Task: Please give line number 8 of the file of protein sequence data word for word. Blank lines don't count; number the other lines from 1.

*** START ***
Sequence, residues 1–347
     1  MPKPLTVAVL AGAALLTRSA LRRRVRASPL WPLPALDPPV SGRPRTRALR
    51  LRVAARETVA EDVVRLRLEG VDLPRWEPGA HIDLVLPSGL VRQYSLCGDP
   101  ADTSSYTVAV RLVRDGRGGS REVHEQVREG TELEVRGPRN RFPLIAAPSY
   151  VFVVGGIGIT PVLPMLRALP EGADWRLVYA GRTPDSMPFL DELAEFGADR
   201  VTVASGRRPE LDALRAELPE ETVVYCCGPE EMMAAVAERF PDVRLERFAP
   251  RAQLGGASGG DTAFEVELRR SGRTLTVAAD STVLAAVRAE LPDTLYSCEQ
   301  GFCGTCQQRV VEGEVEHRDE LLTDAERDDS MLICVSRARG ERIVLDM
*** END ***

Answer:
   301  GFCGTCQQRV VEGEVEHRDE LLTDAERDDS MLICVSRARG ERIVLDM